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Add OAuth 2.0 support to MediaWiki REST API
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Description

In this stage, we will use OAuth 2.0 as an authorization mechanism for the MediaWiki REST API and the primary one for Wikimedia sites.

Note: "client ID" is another word for "API key".

Personas:

Developer - a software developer that uses the MediaWiki REST API on their own behalf or on behalf of users
User - a person who reads, contributes to, curates or administrates a MediaWiki

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eprodromou updated the task description. (Show Details)Oct 4 2019, 4:50 PM
eprodromou set the point value for this task to 55.
Tgr added a subscriber: Tgr.Oct 4 2019, 5:36 PM

There's an OAuth extension (which only handles 1.0 currently) but if OAuth 2.0 is going to be "the primary authorization mechanism for the MediaWiki REST API" as the task description says, I imagine it has to happen within MediaWiki core?

eprodromou updated the task description. (Show Details)Oct 4 2019, 5:38 PM

@Tgr I updated the ticket. I think we want to move to OAuth 2.0 within Wikimedia, but I also think that implementing as an extension isn't out of the question.

There's a top-level initiative to build an OAuth 2.0 extension at T229500. I think it's separate from the OAuth 1.0 one, but I believe there's some talk about merging it... I'm not directly involved, obvs.

@Tgr let me know if the wording is clearer.

eprodromou updated the task description. (Show Details)
eprodromou removed the point value for this task.
eprodromou added a subscriber: EvanProdromou.
CCicalese_WMF triaged this task as Medium priority.Oct 23 2019, 7:12 PM

I read RFC 6749 and have some observations.

There are two sorts of client that have traditionally not used OAuth, so if OAuth 2.0 is going to be required for all clients, then we have to figure out what to do about them.

Internal JavaScript

The first sort of client is JS code internal to MediaWiki, delivered by MediaWiki core or an extension and run in the browser while a local page is viewed. For example, VisualEditor is able to perform requests to the existing REST API without any client authentication process. However, write actions from these clients require a CSRF token. I believe that this sort of client is best served in OAuth by a client credentials grant. The request flow for a client credentials grant is essentially identical to a request to the action API with a CSRF token:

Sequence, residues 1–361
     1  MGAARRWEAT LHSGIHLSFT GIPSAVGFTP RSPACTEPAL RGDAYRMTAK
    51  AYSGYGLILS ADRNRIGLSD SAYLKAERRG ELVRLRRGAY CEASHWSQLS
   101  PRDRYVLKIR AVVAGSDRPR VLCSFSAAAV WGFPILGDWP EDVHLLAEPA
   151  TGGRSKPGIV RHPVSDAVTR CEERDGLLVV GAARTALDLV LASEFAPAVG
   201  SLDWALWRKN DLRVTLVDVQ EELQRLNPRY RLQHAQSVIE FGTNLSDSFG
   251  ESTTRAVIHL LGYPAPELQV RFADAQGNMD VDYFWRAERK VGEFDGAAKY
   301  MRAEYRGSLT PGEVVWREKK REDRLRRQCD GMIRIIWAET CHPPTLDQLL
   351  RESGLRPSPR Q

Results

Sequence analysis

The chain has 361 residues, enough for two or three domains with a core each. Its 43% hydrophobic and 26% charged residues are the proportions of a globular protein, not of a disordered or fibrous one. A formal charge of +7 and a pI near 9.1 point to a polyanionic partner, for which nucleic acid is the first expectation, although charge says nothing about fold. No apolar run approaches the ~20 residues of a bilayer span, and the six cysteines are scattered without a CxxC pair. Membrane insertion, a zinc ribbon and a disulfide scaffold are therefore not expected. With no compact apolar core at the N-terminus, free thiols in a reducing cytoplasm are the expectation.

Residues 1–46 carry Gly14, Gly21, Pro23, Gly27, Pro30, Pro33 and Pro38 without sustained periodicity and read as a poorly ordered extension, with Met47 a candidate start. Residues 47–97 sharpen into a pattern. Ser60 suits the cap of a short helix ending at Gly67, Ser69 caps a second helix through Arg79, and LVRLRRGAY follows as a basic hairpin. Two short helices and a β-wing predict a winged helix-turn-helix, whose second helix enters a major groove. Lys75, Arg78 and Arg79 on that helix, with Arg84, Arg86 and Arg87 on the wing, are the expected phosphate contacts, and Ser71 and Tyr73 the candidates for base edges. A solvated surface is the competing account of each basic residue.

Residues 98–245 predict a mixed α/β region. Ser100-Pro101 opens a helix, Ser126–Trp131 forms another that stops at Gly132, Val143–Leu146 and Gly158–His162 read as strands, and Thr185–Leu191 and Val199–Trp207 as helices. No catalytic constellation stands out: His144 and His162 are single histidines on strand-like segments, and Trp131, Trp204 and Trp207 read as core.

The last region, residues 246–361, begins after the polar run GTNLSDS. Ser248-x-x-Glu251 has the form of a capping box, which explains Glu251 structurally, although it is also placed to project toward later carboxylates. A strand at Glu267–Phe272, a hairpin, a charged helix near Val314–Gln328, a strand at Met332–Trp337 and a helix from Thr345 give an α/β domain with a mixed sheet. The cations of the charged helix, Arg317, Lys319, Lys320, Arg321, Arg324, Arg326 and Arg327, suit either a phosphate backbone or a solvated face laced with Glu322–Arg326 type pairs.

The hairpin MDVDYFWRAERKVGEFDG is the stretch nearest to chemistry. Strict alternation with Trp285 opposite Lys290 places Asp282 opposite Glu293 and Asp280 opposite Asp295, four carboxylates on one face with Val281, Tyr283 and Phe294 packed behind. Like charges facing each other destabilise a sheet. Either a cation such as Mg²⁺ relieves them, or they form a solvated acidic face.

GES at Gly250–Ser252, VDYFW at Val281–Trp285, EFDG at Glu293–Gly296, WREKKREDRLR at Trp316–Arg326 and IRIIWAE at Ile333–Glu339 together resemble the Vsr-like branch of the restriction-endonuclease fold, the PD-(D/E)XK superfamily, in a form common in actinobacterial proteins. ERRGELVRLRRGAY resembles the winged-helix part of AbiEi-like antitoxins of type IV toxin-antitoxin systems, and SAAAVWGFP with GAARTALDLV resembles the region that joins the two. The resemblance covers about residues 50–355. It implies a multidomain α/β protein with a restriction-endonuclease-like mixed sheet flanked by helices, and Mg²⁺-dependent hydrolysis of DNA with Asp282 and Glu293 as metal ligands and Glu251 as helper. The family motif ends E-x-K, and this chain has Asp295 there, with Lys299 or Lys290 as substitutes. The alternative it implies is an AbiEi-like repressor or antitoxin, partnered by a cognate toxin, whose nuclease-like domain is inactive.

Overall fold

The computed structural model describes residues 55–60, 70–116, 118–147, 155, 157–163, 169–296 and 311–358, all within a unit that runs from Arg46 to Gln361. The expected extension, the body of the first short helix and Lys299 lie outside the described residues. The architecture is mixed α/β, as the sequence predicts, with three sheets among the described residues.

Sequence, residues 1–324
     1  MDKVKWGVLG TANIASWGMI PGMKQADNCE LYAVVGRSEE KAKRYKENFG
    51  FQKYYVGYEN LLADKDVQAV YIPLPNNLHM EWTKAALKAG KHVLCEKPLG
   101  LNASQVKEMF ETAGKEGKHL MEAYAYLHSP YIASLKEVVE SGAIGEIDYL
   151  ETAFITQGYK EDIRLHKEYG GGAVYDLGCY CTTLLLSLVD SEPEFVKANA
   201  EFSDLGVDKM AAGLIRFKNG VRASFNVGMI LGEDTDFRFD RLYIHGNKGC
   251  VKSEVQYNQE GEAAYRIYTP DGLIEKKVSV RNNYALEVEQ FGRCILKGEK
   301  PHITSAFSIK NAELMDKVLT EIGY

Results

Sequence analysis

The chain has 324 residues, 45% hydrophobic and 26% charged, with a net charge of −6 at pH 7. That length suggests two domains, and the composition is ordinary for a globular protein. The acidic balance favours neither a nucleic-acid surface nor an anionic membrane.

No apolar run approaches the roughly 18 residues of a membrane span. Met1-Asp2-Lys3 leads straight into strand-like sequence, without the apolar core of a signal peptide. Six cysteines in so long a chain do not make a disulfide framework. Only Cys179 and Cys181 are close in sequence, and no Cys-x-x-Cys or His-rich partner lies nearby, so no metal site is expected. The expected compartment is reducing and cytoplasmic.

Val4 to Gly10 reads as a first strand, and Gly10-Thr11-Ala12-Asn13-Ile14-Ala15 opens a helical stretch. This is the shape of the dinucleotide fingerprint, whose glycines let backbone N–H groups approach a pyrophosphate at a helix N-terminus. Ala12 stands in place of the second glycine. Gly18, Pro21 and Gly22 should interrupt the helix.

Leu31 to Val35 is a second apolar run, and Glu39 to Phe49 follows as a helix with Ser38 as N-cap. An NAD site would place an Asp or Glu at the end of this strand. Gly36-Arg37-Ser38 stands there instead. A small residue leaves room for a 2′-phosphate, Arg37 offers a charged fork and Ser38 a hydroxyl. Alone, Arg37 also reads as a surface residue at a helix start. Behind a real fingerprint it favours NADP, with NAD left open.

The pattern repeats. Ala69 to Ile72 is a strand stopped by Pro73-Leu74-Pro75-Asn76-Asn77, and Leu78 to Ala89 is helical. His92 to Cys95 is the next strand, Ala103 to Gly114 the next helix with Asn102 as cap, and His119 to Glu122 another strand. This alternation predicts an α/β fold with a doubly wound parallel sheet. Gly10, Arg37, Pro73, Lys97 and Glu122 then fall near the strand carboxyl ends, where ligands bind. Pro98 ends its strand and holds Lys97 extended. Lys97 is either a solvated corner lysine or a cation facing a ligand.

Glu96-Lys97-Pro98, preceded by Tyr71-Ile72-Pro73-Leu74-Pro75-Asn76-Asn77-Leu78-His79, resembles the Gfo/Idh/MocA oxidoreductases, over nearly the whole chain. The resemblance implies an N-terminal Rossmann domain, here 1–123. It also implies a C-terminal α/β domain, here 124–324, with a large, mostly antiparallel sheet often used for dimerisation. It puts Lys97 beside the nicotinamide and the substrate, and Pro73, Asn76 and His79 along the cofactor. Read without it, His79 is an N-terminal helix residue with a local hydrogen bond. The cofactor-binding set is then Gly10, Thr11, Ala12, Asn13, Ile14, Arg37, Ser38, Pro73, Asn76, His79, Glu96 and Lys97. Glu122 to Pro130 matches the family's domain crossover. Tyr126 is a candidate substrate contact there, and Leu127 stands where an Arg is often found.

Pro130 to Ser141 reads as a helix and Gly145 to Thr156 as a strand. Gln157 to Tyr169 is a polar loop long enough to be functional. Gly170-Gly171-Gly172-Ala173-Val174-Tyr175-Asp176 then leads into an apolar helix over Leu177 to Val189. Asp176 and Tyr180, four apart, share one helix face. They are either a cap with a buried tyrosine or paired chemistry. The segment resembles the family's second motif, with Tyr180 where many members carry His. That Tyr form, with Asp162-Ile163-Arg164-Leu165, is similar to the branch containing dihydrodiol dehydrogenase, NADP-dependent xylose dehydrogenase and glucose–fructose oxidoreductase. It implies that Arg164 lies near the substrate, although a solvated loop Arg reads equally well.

• The client makes a request to the token endpoint with grant_type=client_credentials. No other parameter is required. The application is responsible for authenticating the request, and I believe it's compliant to do this with MW's existing cookie authentication. There is no client_id -- any concept of client identification is unspecified and private to the application. A token is returned in the JSON response.
  • The token is then used to authorize subsequent requests. A "bearer" token is very similar to an existing CSRF token and is much simpler to implement than the MAC authentication used in OAuth 1.0.
  • The "scope" parameter is optional and has the same semantics as "salt" in the existing CSRF protection system. We could follow the action API's example and define scopes named after the "salts" in ApiQueryTokens::getTokenTypeSalts().

Bots without a web server

Bots make various kinds of edits or uploads to our servers, using the username and password configured by the bot operator. They typically do not have a web server or URL associated with them and so have not used OAuth 1.0. For these clients, I think it's correct to use OAuth 2.0 with resource owner password credentials.

The client makes a request to the token endpoint with grant_type=password, username=..., password=.... No client_id is required.

The response includes a refresh token and an access token. The access token is used to make requests, whereas the refresh token is used to permanently reauthenticate. So bot authors can improve their security over the current situation by asking for a username and password only on first run, storing the refresh token for permanent access. The password does not need to be stored.

Consequences and implementation

OAuth 1.0 is implemented in an extension. The extension mostly consists of the UI code needed to handle client registration and authorization. It would be very awkward to merge this extension into core and require client registration for all clients wishing to use the REST API. However, for the two grant types above, no client registration is needed. Approximately zero code is needed from the OAuth extension to support these two grant types in MediaWiki core.

My proposal is to support these two simple grant types (client_credentials and password) in the REST API in core, as a replacement for CSRF tokens. The extremely simple nature of these grant types points to a DIY implementation; we would not use a library for this. Client registration and the two other grant types (authorization code and implicit) would be implemented in the OAuth extension and would share a UI with OAuth 1.0 registration. MW core would provide extension interfaces to the extent necessary to avoid conflicts between the extension and core implementations of OAuth.

We could have OAuth 2.0 authorization and token endpoints implemented in the core REST API. The OAuth extension would extend these core endpoints by providing additional grant types, there would not be separate OAuth 2.0 endpoints in the extension. If the OAuth extension is not installed, a client requesting to use grant_type=authorization_code would receive an error message.

This comment was removed by tstarling.

Internal JavaScript

The first sort of client is JS code internal to MediaWiki, delivered by MediaWiki core or an extension and run in the browser while a local page is viewed. For example, VisualEditor is able to perform requests to the existing REST API without any client authentication process. However, write actions from these clients require a CSRF token. I believe that this sort of client is best served in OAuth by a client credentials grant. The request flow for a client credentials grant is essentially identical to a request to the action API with a CSRF token: